The experience that workers over 50 bring to the table can be very valuable for a company—but unfortunately, oftentimes recruiters or hiring managers are quick to dismiss older applicants without real reason to do so.
That doesn’t mean you’re out of luck, though. If you’re over 50 and looking to start applying to new jobs, there are a few key ways to put yourself ahead and get noticed. Emphasizing your value is a good first step to getting a recruiter’s attention, but it can also help to proactively assuage some of the concerns they may have about recruiting older workers.
Below, we spoke to a handful of hiring managers and directors to get their top tips on exactly how applicants over 50 should approach the job search, initial interviews, and skeptical interviewers who may unintentionally be dismissive before hearing you out.
Highlight your career goals in your cover letter and resume objective statement
One concern about recruiting older workers, especially for entry level roles, is that they won’t have the same long-term potential in their role as a younger worker. According to Jon Hill, CEO and Chairman of The Energists, if you’re at or close to retirement age, it can help to emphasize your long-term aspirations so the recruiter knows you’re serious about landing a quality long-term role, not just looking for something to pass the time or get a bit of extra income during retirement.
Address the “overqualified” concern
“An experienced applicant applying for an entry-level role is almost always going to be overqualified for the position,” explains Hill. “This raises concerns that the person will get bored in their role or be unsatisfied with the lower salary it earns and demand more or move on.”
The best way to overcome this is to explain why you want this position, whether you’re looking to expand your skill-set, pivot careers, or simply want a more relaxed role for a better work/life balance.
Focus on the recent past, not your whole career
You don’t want to lie about your age, of course, but you don’t need to draw attention to it, either. According to Hill, generally speaking, things should “age off” of your resume after about 10-15 years.
“This is good advice for anyone who’s established in their field, but is especially important for workers over 50. Similarly, you don’t need to list your graduation date in your education section, especially if it was several decades ago.”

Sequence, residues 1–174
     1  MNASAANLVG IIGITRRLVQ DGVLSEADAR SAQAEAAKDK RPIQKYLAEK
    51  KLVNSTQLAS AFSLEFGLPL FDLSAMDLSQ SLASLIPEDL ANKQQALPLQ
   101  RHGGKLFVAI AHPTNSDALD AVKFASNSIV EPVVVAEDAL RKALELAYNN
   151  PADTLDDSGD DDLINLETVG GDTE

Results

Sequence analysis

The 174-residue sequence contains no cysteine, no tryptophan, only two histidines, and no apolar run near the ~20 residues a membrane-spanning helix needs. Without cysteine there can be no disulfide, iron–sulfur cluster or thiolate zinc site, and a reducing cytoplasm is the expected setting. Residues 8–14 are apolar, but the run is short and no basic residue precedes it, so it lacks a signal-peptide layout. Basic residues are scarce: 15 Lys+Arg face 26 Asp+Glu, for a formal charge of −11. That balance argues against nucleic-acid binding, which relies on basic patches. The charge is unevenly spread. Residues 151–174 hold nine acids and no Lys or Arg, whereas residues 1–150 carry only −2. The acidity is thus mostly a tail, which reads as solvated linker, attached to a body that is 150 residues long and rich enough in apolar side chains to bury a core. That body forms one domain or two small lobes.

Sell your experience
What is one, often obvious, major difference between a job candidate that is in their 20s or 30s vs. one in the 50s? Experience. Nowadays, employers seem to value that more than ever—which is why it sometimes doesn’t even matter where your degree is from or if you even have one at all.
That said, according to Michael Furdock, Legal Clerk at Dolman Law Group, for job candidates over 50 to maximize their potential of obtaining a job, they should put a strong emphasis on their biggest asset that they bring to the table—and that is experience.
“They should carefully construct their resume highlighting the necessary experience they have that would best reflect the job position that they are applying for. They need to try and put themselves in the shoes of the employer and ask themselves, what type of person would I want to hire? With what type of experience? If you can articulate that in a smooth ‘pitch,’ in addition to what’s on ‘paper,’ it will likely be of great benefit to you.”
Focus on your relevant transferable skills
Bring attention to highly sought after skills such as organizational skills, communication skills, and sales skills.
“These skills are crucial for any entry-level position,” says Paul French, Managing Director at Intrinsic Search. “Show how you used these skills to meet the needs of the employer in your past positions and how you will use them in the current position.”
Show that you are tech-savvy
Tech savviness is no longer an option. Remember, you are competing against younger workers, many of whom have grown with the internet. French suggests having a section in your resume where you bring the spotlight to the most relevant tech skills you have for the job.
“At the bare minimum, you should demonstrate your proficiency in Microsoft Office Suite and at least one other relevant software in the field you are applying. Avoid using antiquated technical terms and instead show that you are competent in modern technology, hardware, and software.”